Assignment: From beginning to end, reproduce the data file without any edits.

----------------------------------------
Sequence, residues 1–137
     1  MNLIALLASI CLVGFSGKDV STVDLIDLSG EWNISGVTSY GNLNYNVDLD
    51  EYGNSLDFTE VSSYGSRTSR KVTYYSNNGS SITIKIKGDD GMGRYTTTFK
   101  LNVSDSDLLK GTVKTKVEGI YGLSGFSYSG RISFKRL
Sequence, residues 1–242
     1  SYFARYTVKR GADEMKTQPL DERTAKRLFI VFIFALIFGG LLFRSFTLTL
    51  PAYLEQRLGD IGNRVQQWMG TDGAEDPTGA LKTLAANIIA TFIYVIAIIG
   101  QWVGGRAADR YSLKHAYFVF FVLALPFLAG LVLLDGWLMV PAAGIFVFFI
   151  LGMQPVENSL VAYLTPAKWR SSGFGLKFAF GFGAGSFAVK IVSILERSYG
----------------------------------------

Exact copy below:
Sequence, residues 1–137
     1  MNLIALLASI CLVGFSGKDV STVDLIDLSG EWNISGVTSY GNLNYNVDLD
    51  EYGNSLDFTE VSSYGSRTSR KVTYYSNNGS SITIKIKGDD GMGRYTTTFK
   101  LNVSDSDLLK GTVKTKVEGI YGLSGFSYSG RISFKRL
Sequence, residues 1–242
     1  SYFARYTVKR GADEMKTQPL DERTAKRLFI VFIFALIFGG LLFRSFTLTL
    51  PAYLEQRLGD IGNRVQQWMG TDGAEDPTGA LKTLAANIIA TFIYVIAIIG
   101  QWVGGRAADR YSLKHAYFVF FVLALPFLAG LVLLDGWLMV PAAGIFVFFI
   151  LGMQPVENSL VAYLTPAKWR SSGFGLKFAF GFGAGSFAVK IVSILERSYG